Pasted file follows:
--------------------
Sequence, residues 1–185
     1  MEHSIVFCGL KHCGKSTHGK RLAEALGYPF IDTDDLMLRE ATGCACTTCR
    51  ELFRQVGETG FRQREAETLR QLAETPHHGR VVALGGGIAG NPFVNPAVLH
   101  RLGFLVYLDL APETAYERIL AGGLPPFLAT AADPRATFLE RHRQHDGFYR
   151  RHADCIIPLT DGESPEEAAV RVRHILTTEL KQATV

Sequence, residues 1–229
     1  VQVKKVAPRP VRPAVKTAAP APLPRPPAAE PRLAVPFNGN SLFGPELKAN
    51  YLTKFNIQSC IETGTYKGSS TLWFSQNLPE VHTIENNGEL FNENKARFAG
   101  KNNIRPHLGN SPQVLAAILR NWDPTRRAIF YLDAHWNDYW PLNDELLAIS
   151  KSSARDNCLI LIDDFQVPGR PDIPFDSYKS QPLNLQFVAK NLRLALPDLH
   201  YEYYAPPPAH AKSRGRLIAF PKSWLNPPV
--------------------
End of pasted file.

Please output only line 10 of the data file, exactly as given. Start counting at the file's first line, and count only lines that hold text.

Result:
   151  KSSARDNCLI LIDDFQVPGR PDIPFDSYKS QPLNLQFVAK NLRLALPDLH